From my Dad who grew up on Butt Lane, Kidsgrove, Stoke-on-Trent (1945 ish):

    Scab and matter custard, cat's green eye's, dead dog giblits, rat tail pies. Spread 'em on a butty nice and thick, swill it down your throat with a jug of hot sick.

    Reply
  8. hjlee547

    From my Dad who grew up on Butt Lane, Kidsgrove, Stoke-on-Trent (1945 ish):

    Scab and matter custard, cat's green eye's, dead dog giblits, rat tail pies. Spread 'em on a butty nice and thick, swill it down your throat with a jug of hot sick.

    Reply
  9. Anonymous

    Jelly jelly custard green snot pie, all mixed together with a dead dog's eye. Slap it on a butty, slap it on thick, then wash it down with a cold cup of sick.

    Reply
  10. Anonymous

    puss puss custard, green snot pie.
    all mixed together with a dead mans eye.
    Stir in some maggots, to make it all thick.
    And drink it all down with a cup of cold sick.

    Reply
  11. Anonymous

    Scab and matter custard…

    It's from Fungus the Bogeyman by Raymond Briggs.

    Reply
  12. Adam Selzer

    It was recorded among students in England a good 20+ years before the Briggs book came out.

    Reply
  13. Maureen

    This comment has been removed by the author.

    Reply
  14. Maureen

    Absolutely right Adam, already old in the 1950s.

    Reply
  15. Sarah Barry

    When I was young my father taught me a poem that I thought he made up: 'Diorrhea pudding, green snob pie, all mixed together with a dead dogs eye, put it on the stove, mix it with a stick, and wash it all down with a cup of cold sick'
    A little inappropriate for a child but ill always remember it!

    Reply
  16. Mike Hoy

    HERES A GOOD ONE

    JELLY BELLY CUSTARD
    AND GREEN SNOT PIE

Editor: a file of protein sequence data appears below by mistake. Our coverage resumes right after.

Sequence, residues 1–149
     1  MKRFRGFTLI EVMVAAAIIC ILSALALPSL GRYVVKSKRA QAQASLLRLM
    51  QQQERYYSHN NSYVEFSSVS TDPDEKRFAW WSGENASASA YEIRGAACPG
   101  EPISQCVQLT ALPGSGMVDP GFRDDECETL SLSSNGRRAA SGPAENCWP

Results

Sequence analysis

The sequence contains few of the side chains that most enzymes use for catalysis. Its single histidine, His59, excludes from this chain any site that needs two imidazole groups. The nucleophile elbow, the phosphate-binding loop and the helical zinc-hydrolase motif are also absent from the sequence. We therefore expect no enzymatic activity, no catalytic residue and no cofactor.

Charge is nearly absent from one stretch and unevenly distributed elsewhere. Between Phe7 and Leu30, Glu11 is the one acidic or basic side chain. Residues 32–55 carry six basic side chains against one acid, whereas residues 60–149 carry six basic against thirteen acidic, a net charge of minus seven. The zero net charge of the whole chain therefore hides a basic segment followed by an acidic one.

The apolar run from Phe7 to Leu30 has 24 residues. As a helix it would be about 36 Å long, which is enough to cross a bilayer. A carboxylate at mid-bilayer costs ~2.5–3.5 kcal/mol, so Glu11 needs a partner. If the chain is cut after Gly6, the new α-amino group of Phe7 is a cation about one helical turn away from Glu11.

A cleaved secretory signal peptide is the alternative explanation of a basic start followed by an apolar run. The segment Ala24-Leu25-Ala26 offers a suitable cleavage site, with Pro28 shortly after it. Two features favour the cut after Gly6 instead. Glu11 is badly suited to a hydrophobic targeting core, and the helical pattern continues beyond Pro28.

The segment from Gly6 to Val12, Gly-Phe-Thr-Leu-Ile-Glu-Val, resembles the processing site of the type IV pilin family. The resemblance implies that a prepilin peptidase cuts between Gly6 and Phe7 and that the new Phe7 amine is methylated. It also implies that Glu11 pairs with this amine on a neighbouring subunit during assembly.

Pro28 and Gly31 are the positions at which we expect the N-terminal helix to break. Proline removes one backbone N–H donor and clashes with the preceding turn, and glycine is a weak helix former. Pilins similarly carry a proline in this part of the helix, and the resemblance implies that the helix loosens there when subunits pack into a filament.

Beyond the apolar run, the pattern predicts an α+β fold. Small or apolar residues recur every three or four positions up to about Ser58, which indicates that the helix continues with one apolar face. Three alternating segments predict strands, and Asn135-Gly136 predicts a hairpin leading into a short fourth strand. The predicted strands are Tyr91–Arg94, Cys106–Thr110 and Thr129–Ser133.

ALL MIXED UP WITH A DEAD DOGS EYE
    SPREAD IT ON A BUTTY
    NICE AND THICK
    THEN WASH IT AL DOWN WITH A COLD CUP OF SICK

    Reply
  17. essexcockney.com

    Cock a doodle do whats it to do with you leave it alone play with your own cock a doodle do ……

    all the best essexcockney

    Reply
  18. essexcockney.com

    hot snot and bogie pie all mixed up in a dead dogs eye

    Reply
  19. Mary

    "Scab and matter custard, green phlegm pie … " was just a chant in our early 1940s playground, it had nothing to do with school dinners.

    Reply
  20. Lara

    When I would ask my mom or grandma what was for dinner I more often then not received this as a reply:

    Hot scab sandwiches,
    Pus on top
    Monkey's vomit and
    Camel's snot.
    Everyone's doing it, doing it
    Picking their nose and chewing it, chewing it.

    Reply
  21. Matt C

    I knew it as:
    cowardly cowardly custard, earwigs pie,
    all mixed together with a dead dogs eye,
    slugs on toast, spread it thick.
    all washed down with a cup of cold sick.

    south London 1960/70s

    Reply
  22. Susan Rattenbury-Reynolds

    As far as I can recall we used to chant the following while skipping with a long rope,several girls at a time,in the school playground. Definitely in the 1950’s:

    Scabs on custard ……. pudding pie
    …… ….. ……… and a dead dog’s eye (can’t remember those bits)
    Snails on top all furry and thick
    All washed down with a cup of cold sick!

    I wish I could remember all the words though.

    Sue

    Reply
  23. Karen

    I knew it as
    Slabby Dabby custard green snot pie
    All mixed in with a dead dogs eye.
    Slap it on thin slap it on thick
    Wash it all down with a cold cup of sick

    Reply
  24. Mr Jolly

    In our school days in Surrey in 1970’s it was…
    Curly Wurly Custard, Cold Cats Eyes,
    Dead Dog Giblets & Bogeyman Pies
    Red Blood Sandwiches Spread Nice & Think
    Washed Down Nicely with a Cold Cup of Sick

    Reply
  25. Dog

    Also from 70’s Surrey …

    Cold creamy custard
    Snot and bogey pie
    All wrapped up with a dead dogs eye
    Serve it up warm and serve it up quick
    Wash it all down
    With a cold cup of sick

    Reply
  26. Steven Jackson

    One we used to sing…. Red, white, and blue the dirty kangaroo
    he went behind the dust bin to do a number two
    he wrapped it up in paper and threw it in the sea
    and all the little fishes had chocolate cake for tea.

    Reply

Leave a Comment

Your email address will not be published. Required fields are marked *